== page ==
The number of people living in extreme poverty around the world is likely to fall to under 10 percent of the global population in 2015, according to World Bank projections released in October 2015.
The Bank uses an updated international poverty line of USD 1.90 a day, which incorporates new information on differences in the cost of living across countries. The new line preserves the real purchasing power of the previous line (of USD 1.25 a day in 2005 prices) in the world’s poorest countries. Using this new line (as well as new country-level data on living standards), the World Bank projects that this year, global poverty will have fallen from 902 million people or 12.8 per cent of the global population in 2012 to 702 million people, or 9.6 per cent of the global population.
Poverty remains concentrated in Sub-Saharan Africa and South Asia
For the last several decades, three regions, East Asia and Pacific, South Asia, and Sub-Saharan Africa, have accounted for some 95 percent of global poverty. Yet, the composition of poverty across these three regions has shifted dramatically. In 1990, East Asia accounted for half of the global poor, whereas some 15 percent lived in Sub-Saharan Africa; by 2015 forecasts, this is almost exactly reversed: Sub-Saharan Africa accounts for half of the global poor, with some 12 percent living in East Asia. Poverty is declining in all regions but it is becoming deeper and more entrenched in countries that are either conflict ridden or overly dependent on commodity exports.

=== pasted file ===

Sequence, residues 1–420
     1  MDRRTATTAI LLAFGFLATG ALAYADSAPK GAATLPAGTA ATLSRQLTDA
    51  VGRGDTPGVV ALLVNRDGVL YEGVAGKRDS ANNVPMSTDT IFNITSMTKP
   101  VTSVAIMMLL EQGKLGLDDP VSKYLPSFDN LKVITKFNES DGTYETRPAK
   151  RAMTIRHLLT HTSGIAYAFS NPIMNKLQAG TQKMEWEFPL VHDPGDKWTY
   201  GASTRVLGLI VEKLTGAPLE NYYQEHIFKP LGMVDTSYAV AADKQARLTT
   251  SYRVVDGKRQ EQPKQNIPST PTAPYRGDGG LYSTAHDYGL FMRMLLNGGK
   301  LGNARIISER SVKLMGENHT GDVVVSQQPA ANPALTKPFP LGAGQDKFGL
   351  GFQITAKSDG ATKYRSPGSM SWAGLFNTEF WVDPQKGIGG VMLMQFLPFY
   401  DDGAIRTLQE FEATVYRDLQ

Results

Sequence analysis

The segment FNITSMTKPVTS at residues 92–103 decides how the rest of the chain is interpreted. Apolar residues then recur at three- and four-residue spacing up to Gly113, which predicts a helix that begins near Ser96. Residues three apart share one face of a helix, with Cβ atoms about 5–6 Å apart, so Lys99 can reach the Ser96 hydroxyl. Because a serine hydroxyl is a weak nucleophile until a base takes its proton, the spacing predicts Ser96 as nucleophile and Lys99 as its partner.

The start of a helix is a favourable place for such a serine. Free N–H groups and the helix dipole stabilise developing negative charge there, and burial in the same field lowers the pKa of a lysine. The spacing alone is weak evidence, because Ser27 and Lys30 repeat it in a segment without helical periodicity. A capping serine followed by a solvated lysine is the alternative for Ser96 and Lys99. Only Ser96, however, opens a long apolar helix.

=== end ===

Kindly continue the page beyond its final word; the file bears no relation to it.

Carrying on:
These are the regional forecasts for 2015 from the World Bank:
World Bank Website on the Global Poverty Line Update
(The World Bank/ile)